All my life I’ve been listening to trains
& all my life I’ve been letting them go by,
each whistle Dopplering down
from summons to wail,
followed by a thunder
as intoxicating as any heavy metal band,
graffitoed messages flying past
too fast to parse
& a poorly aligned wheel
shrieking like feedback from a speaker
all the way to Chicago.
It’s not that I want to travel, but this sky’s
too narrow, too full of murk.
It hurts to breathe.
I raise a pants leg
& here’s another goddamned tick
just starting to burrow in.
Out West, I’ve heard, there are places so empty
nobody’s even given them a name yet.
That’s why the next
slow freight & I
have a date.
Here comes
one now. Hear how
the rails are starting to sing?


For the Big Tent Poetry prompt, “Write about something you would love to do but have never dared.” Other responses are linked in the comments here.

The Rescue

holloway overhung with ancient trees n Cornwall

I am rescuing Roma children from the Gestapo. They have, I discover, a marvelous gift for silence. We escape to the forest and live off whatever their quick fingers can find: eggs from hidden nests, truffles from the roots of oaks, frogs and arrowroot and wild carrots doing their best to masquerade as water hemlock. They are good at helping each other. Whenever I make a suggestion, they tilt their heads to the side, and on rare occasions when one of them speaks, it’s a single word, phrased like a question, in a language I don’t understand.

A little bit of hunger can sharpen the wits, but too much makes you dull. When dullness threatens to overwhelm us, we launch a night raid against some nearby farms, first drugging the dogs, then slipping in among the sleeping cows, their steamy breath, their hot stink, to liberate a gallon or two of milk from some rubbery teat, while the stealthiest child goes into the shed and eases a chicken from its perch without waking it up.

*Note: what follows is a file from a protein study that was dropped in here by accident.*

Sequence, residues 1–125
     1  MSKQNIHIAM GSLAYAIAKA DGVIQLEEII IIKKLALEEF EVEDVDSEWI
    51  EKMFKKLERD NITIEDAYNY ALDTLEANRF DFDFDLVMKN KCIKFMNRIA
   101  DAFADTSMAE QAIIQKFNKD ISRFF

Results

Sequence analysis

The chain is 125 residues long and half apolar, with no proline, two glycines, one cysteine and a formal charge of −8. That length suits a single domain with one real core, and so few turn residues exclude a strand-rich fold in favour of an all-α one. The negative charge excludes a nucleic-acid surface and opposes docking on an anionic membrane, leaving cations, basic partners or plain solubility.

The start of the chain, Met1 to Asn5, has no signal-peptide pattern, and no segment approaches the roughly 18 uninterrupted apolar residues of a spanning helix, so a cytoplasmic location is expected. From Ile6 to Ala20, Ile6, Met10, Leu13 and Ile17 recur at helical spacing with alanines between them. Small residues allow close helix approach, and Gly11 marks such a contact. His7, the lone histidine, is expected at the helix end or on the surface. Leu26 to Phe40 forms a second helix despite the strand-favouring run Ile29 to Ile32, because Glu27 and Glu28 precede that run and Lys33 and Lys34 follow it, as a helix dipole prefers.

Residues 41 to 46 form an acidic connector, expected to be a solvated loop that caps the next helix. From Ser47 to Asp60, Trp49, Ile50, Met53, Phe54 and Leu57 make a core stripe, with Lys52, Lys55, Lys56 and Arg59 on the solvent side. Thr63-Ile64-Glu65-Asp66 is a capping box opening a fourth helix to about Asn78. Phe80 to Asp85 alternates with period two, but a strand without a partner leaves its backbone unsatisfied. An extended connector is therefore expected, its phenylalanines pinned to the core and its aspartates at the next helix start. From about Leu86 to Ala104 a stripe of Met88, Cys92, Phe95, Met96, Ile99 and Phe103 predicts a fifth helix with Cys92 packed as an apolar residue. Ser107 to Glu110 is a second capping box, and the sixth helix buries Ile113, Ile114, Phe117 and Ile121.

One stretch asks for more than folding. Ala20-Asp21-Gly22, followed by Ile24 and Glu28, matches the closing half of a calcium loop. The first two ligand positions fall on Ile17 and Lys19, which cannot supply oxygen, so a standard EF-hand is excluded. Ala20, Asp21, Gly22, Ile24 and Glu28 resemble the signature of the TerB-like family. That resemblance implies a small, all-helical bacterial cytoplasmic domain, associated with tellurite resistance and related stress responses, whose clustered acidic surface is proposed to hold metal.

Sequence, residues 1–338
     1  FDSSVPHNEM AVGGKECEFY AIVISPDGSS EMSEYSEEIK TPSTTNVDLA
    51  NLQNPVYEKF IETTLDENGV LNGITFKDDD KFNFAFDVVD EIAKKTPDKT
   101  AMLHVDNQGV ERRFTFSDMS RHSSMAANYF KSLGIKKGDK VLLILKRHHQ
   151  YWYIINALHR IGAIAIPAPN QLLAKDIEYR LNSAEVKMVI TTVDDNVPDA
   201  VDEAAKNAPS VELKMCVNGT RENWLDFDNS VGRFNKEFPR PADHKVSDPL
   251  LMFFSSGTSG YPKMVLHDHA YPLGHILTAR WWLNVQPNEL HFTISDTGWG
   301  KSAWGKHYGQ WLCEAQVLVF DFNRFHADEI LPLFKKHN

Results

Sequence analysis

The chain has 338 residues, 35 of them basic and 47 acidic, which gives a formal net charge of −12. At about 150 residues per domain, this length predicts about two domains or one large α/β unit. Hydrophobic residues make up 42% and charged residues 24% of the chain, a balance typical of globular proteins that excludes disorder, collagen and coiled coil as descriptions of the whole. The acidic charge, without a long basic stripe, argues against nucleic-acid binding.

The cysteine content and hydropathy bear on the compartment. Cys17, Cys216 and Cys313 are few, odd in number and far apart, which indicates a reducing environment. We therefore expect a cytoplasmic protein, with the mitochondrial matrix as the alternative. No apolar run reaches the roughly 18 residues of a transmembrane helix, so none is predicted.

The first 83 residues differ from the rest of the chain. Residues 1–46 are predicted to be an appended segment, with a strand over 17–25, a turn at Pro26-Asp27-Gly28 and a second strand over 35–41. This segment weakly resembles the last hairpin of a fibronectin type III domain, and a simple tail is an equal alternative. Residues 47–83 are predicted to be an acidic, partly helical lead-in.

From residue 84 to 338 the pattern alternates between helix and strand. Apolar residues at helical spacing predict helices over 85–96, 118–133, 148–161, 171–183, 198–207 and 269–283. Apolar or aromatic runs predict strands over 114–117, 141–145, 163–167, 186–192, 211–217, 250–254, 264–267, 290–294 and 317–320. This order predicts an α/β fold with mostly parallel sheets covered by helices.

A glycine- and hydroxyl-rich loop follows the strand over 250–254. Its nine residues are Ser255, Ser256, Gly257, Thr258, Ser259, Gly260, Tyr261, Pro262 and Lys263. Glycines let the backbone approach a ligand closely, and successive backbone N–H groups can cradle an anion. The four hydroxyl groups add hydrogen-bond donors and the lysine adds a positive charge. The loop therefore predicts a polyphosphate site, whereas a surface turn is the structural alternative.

It’s a tricky business. The pasture is nothing but mud and we struggle to hold on to our prizes as we slip and fall and grow mired. The smaller children flail; the older ones settle exhausted onto their haunches and wait for dawn. The moon comes up and everything is illuminated: this is not mud but oil. These are not children but seabirds robbed of flight. And whatever you call this foaming about our feet, it is not the sea.

Ceiling snakes

holloway overhung with ancient trees n Cornwall
This entry is part 4 of 37 in the series Bridge to Nowhere: poems at mid-life


Direct link to video on Vimeo

The night that a pair of mating milk snakes drops out of the ceiling, I do not dream of snakes. I dream of mating, and of breaking through the crust of the earth and discovering another world filled with an unnatural light. I dream of inescapable stairs verging on a cliff-face to which I cling like a wingless fly. When I wake, it’s still humid, if no longer hot, and a wood thrush sings at the edge of the woods, where wood thrushes always sing: one part joy, two parts longing. I find my notebook from the night before, what I’d been writing when I heard a noise in the kitchen and set it down (some writer!) to grab the video camera. Picking at a scab, it says, and worry beads. I’m sure I had something in mind, but I don’t know what. The snakes were beautiful, and if I hadn’t known better, I might’ve thought from their configuration that they were one snake with a head at both ends, curious but calm as milk snakes always seem to be. If they’d stayed longer I might’ve stood beneath them and offered the use of my body as a steep set of stairs. But the ceiling or their unfinished business called them back, and up they went.

night kitchen
feeling in the dark to pour
a glass of milk